It's a good idea to arrive early at Movie Tavern, and not only if you hate missing the opening credits. Early birds can peruse the extensive menu of chef-crafted American cuisine, from kobe beef sliders to pizza and sandwiches. But even after the show begins, the snacks keep coming. Unobtrusive servers slip in during the show to deliver orders, and can be called on for more drinks or dessert with the push of a button. Guests can even sip margaritas or signature cocktails at the full bar before heading in to the theater. The family-friendly establishment also serves finger food for kiddies.
As for the entertainment, audiences get to enjoy all-digital presentations of first-run films any day of the week, plus Retro Cinema every Wednesday morning at 11:30 a.m. as well as Tuesday and Thursday evenings at 7:30 p.m. Audiences also benefit from Movie Tavern's membership program. Anyone can sign up for free online to receive one free bag of popcorn, plus a free ticket every year on their birthday, special offers, movie news, and invites to screenings and other special events.
At Ohio Krav Maga & Fitness, a facility staffed by decorated martial artists and coaches, experienced instructors guide students through self-defense classes. Those that lead the studio’s namesake Krav Maga courses show students how to work with their body’s natural instincts to take down a predator or quell the body’s urge to start the wave with every conversational mention of sports.
Further self-defense skills emerge during muay thai combat and weapons disarming seminars. In the gym’s fitness corner, cardio kickboxing slings five rounds of fast-paced punches and kicks, while yoga helps fighters wind down and leaves them more relaxed than a sloth traveling through taffy. The facility also offers CrossFit classes, where students perform a variety of functional movements in short bursts of maximum intensity to burn fat and rapidly build muscle.
Armed with 21 years of training in various athletic disciplines and multiple certifications through organizations such as the National Strength and Conditioning Association, Jason Yun helps clients to mow down calories. With his assistant coaches Rick Locke, Stephanie Woodrow, Gabe Flores, and Jevon Sanders, he bolsters the physical prowess and mental focus of students during multi-week boot camps. In addition to the camp, he teaches classes such as Improvement Warrior Yoga and Kettlebell Khaos and the blazingly fast-paced YunFit. In the latter, Yun shouts out a series of cardio and strength-training commands such as ?pushup,? ?squat,? or ?go home and make a wheatgrass smoothie.?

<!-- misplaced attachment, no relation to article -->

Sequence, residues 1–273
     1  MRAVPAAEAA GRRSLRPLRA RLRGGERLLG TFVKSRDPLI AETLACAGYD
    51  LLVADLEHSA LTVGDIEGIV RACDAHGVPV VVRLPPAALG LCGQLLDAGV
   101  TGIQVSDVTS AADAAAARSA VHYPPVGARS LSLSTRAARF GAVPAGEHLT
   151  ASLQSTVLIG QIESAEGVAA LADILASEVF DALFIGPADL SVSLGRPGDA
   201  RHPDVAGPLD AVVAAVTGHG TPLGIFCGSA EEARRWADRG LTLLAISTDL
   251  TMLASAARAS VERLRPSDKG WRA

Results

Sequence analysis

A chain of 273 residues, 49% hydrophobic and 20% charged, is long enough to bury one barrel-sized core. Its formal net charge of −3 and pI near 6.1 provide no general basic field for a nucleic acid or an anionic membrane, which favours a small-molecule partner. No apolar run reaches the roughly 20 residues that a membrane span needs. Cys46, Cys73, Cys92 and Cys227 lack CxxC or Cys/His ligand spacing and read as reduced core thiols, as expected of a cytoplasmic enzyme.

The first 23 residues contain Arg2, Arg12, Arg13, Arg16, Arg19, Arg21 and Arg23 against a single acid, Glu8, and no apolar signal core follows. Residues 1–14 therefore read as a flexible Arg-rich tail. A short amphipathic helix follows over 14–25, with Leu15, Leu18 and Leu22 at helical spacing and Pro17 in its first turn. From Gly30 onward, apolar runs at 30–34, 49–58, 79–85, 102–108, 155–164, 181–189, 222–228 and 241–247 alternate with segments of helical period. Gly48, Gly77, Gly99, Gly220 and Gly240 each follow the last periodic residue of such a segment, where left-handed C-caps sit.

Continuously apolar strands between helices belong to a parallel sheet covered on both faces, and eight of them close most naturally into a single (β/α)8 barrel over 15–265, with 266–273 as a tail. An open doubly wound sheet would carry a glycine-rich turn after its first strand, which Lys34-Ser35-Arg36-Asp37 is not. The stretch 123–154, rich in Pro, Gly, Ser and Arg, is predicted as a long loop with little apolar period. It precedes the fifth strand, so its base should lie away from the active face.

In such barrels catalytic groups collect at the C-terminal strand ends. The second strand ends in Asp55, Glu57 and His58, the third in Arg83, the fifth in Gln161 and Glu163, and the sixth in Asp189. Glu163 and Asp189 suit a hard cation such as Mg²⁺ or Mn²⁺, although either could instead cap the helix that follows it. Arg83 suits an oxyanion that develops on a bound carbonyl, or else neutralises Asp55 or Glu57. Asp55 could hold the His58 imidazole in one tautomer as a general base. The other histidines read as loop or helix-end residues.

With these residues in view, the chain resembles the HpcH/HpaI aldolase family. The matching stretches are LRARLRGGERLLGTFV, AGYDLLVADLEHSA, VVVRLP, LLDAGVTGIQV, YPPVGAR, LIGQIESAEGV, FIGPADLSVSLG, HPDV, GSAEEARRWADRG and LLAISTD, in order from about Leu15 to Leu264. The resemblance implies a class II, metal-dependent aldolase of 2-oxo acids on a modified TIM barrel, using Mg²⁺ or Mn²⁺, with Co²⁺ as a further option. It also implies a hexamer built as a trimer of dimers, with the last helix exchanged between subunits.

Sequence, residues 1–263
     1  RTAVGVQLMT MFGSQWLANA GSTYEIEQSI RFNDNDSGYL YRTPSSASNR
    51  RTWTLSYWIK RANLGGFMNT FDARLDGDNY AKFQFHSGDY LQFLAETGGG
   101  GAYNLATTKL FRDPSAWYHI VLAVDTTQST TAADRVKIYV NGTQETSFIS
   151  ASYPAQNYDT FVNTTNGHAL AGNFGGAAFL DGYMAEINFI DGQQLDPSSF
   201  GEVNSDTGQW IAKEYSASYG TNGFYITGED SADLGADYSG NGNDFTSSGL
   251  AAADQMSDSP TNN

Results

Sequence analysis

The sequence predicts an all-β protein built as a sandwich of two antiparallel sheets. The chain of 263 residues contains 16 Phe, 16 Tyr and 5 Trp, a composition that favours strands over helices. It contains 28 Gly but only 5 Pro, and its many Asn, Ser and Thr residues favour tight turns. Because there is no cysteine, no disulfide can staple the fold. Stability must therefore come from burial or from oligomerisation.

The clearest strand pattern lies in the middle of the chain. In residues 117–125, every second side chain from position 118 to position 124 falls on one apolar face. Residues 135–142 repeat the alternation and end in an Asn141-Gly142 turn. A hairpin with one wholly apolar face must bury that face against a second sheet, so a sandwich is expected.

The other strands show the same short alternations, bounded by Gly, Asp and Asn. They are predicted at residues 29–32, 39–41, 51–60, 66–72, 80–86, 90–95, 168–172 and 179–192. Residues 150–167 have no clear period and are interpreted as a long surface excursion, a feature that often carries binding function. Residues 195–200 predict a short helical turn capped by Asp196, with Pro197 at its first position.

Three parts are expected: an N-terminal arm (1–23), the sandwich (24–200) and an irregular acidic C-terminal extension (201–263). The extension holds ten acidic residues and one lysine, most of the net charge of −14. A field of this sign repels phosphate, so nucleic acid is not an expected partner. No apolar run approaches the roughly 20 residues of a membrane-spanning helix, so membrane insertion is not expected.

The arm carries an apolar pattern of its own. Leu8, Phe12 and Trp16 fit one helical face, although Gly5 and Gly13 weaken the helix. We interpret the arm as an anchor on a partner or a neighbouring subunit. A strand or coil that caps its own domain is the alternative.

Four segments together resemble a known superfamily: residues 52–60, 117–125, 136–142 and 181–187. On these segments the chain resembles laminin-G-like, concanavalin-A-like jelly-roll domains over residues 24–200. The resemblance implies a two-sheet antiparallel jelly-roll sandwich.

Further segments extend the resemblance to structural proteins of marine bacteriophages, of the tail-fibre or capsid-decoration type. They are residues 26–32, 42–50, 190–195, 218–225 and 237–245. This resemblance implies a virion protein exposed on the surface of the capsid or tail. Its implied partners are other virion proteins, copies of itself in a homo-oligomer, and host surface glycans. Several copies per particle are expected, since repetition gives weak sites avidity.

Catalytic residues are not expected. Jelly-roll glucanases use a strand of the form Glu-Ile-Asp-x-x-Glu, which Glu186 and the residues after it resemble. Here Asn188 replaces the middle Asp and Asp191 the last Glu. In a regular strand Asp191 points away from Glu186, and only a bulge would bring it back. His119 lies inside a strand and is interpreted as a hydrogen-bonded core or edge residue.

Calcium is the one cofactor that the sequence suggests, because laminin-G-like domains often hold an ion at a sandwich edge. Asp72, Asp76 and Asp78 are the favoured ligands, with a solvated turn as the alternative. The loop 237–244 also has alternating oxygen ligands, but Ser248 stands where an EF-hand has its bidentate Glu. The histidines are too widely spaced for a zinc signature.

Since 1990, Power Shack Fitness Centers have fostered a casual, low-stress ambiance at its four locations, eschewing the large crowds and intimidating vibes of many mainstream gyms. A retinue of nationally certified personal trainers is on hand to craft custom workout plans for members, acquainting them with the gym?s array of free weights, cardio machines, and functional training equipment. Group fitness classes are also led by nationally certified instructors. Offerings include barbell conditioning, yoga, spinning, dance, and power grunting. Depending on the location, you can also take advantage of tanning amenities or pick up nutritional supplements.
Rye grass fairways give way to slick, bent-grass greens to form a par-71 layout at National Road Golf Course that has challenged the birdie-hunting mettle of golfers since 1995. Designed by Ed Tonti, the course plays to 5,312 yards from the tips, ample distance to have golfers reaching for their driver or strapping their golf ball to rockets on certain holes. Before rounds, players can warm up their swings at the driving range and a putting green, both near a snack bar that dishes out food and refreshments to fuel long days on the course. National Road Golf Course also has an indoor simulated course for golfers to practice at during the off-season.
While teaching jazz dance in the 1960s, Judi Sheppard Missett decided to step away from tradition by offering an experimental class that allowed her students to simply dance without the judgment of mirrors or the constraints of rigid technique. In these sessions, she began infusing popular dance moves with specific fitness workouts to forge a distinctive blend of cardio exercise, strength training, and dance instruction. Little did she know that this “just for fun” class was the prototype for what would become the national fitness sensation known as Jazzercise.
Today, Jazzercise takes its aerobic techniques from a variety of sources that include jazz dance, hip-hop, resistance training, Pilates, yoga, and kickboxing. The class formats, which vary according to different toning goals, are just as diverse as the program's move set. Two-time Dancing with the Stars champion Cheryl Burke is a big fan of the improvisational routines, although her advanced skills aren't needed to get the most out of classes. Instructors cultivate a noncompetitive atmosphere where all exercisers—with the exception of those marked as cursed by jazz-hand palm readers—are welcome regardless of age, build, or fitness background.